13.a implement the commitment undertaken by developed country Parties to the UNFCCC to a goal of mobilizing jointly USD100 billion annually by 2020 from all sources to address the needs of developing countries in the context of meaningful mitigation actions and transparency on implementation and fully operationalize the Green Climate Fund through its capitalization as soon as possible
13.b Promote mechanisms for raising capacities for effective climate change related planning and management, in LDCs, including focusing on women, youth, local and marginalized communities
Proposed goal 14. Conserve and sustainably use the oceans, seas and marine resources for sustainable development
14.1 by 2025, prevent and significantly reduce marine pollution of all kinds, particularly from land-based activities, including marine debris and nutrient pollution
14.2 by 2020, sustainably manage, and protect marine and coastal ecosystems to avoid significant adverse impacts, including by strengthening their resilience and take action for their restoration, to achieve healthy and productive oceans
14.3 minimize and address the impacts of ocean acidification, including through enhanced scientific cooperation at all levels
14.4 by 2020, effectively regulate harvesting, and end overfishing, illegal, unreported and unregulated (IUU) fishing and destructive fishing practices and implement science-based management plans, to restore fish stocks in the shortest time feasible at least to levels that can produce maximum sustainable yield as determined by their biological characteristics
14.5 by 2020, conserve at least 10 per cent of coastal and marine areas, consistent with national and international law and based on best available scientific information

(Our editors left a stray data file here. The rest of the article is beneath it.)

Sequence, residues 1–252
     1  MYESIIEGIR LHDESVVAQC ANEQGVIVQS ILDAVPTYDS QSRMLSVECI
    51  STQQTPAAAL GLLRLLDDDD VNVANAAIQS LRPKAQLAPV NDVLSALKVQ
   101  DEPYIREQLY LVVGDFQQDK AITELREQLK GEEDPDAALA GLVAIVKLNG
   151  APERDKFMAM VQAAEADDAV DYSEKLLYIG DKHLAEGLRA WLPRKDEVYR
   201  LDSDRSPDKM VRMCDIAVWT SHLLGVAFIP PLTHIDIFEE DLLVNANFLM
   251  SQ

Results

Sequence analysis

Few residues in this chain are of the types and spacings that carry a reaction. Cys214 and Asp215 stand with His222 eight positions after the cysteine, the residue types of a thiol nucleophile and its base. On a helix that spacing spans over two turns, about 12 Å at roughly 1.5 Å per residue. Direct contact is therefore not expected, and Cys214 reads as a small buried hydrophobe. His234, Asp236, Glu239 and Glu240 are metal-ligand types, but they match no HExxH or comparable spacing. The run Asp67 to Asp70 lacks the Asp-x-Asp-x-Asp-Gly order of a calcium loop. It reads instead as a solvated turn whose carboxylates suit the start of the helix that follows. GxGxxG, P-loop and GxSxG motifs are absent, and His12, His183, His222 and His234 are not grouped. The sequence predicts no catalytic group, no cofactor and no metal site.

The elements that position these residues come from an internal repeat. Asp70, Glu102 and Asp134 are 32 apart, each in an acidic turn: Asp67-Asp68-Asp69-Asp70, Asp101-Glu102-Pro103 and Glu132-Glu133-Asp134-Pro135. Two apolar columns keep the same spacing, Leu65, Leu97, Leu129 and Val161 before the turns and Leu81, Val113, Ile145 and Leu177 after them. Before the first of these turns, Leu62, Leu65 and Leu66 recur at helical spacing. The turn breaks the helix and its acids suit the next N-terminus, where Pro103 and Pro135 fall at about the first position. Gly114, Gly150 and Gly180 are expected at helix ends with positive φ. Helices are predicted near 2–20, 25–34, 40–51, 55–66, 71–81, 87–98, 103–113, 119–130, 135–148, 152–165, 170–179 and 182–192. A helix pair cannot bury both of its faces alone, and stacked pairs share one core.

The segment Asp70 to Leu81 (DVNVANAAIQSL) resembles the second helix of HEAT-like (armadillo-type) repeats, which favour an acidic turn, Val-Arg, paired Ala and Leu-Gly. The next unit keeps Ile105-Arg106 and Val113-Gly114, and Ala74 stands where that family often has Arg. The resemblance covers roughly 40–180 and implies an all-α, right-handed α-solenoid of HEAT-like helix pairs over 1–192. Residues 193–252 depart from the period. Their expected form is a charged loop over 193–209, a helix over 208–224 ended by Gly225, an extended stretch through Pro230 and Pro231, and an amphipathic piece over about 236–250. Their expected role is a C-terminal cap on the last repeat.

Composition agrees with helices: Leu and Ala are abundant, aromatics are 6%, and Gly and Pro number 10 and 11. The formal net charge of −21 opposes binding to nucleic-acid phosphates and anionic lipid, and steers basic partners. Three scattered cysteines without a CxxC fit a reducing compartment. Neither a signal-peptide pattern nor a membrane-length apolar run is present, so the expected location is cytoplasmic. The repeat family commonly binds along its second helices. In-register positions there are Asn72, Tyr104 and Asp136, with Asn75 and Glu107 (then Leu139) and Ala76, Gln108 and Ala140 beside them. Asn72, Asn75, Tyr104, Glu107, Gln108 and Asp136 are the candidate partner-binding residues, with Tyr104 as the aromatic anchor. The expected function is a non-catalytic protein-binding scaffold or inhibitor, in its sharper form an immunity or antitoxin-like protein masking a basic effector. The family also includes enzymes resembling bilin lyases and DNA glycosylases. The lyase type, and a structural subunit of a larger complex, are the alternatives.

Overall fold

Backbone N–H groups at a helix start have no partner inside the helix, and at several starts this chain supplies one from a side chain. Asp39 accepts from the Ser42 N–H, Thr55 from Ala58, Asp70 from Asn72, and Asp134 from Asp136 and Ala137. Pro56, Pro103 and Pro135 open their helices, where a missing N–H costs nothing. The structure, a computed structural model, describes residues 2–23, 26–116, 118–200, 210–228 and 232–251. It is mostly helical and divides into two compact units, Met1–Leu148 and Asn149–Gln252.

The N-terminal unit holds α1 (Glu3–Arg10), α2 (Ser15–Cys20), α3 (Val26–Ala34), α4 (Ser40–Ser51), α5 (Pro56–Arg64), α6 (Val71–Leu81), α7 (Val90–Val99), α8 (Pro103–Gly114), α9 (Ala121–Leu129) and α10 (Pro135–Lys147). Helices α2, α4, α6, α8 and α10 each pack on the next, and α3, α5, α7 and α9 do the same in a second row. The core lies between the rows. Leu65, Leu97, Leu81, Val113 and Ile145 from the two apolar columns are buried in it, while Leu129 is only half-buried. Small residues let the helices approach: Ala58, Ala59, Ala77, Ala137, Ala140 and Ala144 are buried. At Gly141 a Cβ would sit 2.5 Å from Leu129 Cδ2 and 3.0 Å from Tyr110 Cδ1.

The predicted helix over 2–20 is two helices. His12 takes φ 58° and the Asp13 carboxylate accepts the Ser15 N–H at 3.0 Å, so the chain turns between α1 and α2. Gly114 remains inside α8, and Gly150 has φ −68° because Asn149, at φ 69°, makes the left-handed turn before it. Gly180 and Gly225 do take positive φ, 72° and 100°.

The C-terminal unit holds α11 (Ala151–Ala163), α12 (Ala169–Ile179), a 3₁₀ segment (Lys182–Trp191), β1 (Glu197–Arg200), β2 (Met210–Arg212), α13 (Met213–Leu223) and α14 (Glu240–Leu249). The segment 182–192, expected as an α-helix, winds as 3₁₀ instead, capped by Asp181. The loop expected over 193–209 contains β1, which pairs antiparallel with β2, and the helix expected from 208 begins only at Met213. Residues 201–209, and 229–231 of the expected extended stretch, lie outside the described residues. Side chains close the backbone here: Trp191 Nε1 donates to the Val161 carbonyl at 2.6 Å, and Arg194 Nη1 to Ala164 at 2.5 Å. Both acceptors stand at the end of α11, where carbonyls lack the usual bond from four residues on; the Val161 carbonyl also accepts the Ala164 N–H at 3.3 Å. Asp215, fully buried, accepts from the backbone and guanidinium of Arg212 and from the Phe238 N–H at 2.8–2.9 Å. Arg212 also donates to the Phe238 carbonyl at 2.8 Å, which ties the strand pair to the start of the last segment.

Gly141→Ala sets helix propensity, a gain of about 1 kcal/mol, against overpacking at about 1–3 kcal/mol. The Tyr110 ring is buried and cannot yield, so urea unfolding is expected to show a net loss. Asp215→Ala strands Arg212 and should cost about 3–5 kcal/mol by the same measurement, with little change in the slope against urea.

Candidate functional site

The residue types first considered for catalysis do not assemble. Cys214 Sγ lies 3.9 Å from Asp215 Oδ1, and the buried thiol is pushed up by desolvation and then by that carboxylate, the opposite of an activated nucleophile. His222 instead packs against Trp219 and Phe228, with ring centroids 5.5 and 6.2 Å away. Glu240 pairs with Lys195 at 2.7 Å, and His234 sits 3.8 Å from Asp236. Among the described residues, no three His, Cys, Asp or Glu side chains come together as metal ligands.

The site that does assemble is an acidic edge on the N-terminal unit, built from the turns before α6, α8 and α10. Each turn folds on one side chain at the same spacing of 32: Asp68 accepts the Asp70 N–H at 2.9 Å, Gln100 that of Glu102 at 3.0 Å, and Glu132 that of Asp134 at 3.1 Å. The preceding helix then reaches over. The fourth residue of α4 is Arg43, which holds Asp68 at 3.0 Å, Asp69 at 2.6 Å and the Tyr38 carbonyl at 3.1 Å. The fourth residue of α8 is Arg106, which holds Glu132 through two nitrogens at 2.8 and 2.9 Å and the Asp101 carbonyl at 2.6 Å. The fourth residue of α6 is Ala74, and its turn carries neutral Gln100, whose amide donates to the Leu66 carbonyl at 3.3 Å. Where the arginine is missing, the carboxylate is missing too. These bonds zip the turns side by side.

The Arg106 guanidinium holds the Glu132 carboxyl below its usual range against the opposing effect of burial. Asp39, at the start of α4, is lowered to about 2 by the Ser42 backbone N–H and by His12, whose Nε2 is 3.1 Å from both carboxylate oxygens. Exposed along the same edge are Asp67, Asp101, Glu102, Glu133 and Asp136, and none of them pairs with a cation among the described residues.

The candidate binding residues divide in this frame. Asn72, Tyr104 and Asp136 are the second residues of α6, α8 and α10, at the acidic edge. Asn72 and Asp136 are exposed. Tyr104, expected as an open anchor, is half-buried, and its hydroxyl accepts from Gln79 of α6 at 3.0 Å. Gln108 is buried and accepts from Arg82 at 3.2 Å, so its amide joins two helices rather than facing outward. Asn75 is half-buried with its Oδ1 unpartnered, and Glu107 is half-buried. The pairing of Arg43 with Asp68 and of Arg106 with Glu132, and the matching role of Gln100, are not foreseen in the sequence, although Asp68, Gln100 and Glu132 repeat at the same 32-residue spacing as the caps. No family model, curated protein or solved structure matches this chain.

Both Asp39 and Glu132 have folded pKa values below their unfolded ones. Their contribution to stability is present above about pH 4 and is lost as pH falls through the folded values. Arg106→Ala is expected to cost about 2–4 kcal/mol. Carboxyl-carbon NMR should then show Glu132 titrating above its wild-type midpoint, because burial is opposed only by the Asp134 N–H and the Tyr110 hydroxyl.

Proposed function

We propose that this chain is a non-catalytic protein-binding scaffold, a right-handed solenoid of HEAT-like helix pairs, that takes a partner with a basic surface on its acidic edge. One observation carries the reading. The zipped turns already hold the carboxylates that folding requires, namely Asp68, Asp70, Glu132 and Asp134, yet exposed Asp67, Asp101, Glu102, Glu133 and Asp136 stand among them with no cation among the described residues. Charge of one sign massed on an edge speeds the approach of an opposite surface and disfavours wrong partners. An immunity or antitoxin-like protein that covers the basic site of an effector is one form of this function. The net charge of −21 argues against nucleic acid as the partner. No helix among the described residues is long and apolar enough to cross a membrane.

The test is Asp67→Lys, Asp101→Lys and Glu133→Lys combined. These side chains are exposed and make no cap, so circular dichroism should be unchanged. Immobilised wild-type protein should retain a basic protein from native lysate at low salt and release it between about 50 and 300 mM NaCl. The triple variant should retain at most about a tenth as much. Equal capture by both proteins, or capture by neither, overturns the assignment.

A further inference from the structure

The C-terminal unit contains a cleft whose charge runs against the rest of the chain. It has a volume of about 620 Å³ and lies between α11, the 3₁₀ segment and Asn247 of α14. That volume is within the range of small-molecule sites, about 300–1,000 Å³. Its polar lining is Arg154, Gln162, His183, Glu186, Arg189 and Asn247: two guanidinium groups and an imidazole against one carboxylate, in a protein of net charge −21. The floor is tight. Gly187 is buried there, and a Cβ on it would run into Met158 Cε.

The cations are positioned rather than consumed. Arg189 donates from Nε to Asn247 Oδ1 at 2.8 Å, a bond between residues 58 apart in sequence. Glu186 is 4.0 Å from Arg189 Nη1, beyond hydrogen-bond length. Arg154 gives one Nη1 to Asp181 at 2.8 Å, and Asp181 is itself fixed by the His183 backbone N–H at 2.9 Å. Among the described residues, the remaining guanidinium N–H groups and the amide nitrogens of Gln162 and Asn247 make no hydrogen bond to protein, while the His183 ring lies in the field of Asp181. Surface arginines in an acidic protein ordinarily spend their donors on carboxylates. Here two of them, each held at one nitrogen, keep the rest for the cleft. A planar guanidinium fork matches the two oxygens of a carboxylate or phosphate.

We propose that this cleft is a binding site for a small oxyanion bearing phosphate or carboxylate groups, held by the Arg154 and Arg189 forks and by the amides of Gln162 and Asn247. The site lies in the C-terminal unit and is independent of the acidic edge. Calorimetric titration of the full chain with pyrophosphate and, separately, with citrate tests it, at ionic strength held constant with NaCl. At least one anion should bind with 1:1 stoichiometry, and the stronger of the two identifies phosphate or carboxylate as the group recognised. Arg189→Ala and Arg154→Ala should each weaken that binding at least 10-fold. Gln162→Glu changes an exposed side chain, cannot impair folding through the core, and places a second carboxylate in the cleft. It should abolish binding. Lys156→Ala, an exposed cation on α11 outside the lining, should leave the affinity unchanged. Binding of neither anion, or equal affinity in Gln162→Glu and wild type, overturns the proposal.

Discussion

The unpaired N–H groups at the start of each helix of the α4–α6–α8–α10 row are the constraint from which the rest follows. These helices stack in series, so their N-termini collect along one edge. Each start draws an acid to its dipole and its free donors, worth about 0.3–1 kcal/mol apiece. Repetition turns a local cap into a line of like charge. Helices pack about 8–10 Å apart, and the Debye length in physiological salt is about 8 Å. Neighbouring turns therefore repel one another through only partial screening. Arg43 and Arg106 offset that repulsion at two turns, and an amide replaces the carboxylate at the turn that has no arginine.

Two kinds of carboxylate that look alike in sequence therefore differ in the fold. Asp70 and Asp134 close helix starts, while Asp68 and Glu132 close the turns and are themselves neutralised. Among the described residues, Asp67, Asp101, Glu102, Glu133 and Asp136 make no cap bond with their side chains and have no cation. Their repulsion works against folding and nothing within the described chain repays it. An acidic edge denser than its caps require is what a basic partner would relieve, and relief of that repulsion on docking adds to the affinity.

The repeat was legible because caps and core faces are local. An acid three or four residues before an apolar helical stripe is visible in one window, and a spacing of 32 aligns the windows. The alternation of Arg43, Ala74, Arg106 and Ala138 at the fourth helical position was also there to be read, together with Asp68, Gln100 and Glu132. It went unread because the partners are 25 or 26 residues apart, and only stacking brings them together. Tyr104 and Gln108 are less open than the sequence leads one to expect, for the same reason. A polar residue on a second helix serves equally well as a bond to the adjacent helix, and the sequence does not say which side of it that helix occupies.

14.6 by 2020, prohibit certain forms of fisheries subsidies which contribute to overcapacity and overfishing, and eliminate subsidies that contribute to IUU fishing, and refrain from introducing new such subsidies, recognizing that appropriate and effective special and differential treatment for developing and least developed countries should be an integral part of the WTO fisheries subsidies negotiation *
14.7 by 2030 increase the economic benefits to SIDS and LDCs from the sustainable use of marine resources, including through sustainable management of fisheries, aquaculture and tourism
14.a increase scientific knowledge, develop research capacities and transfer marine technology taking into account the Intergovernmental Oceanographic Commission Criteria and Guidelines on the Transfer of Marine Technology, in order to improve ocean health and to enhance the contribution of marine biodiversity to the development of developing countries, in particular SIDS and LDCs
14.b provide access of small-scale artisanal fishers to marine resources and markets
14.c ensure the full implementation of international law, as reflected in UNCLOS for states parties to it, including, where applicable, existing regional and international regimes for the conservation and sustainable use of oceans and their resources by their parties
1 * taking into account ongoing WTO negotiations and WTO Doha Development Agenda and Hong Kong Ministerial Mandate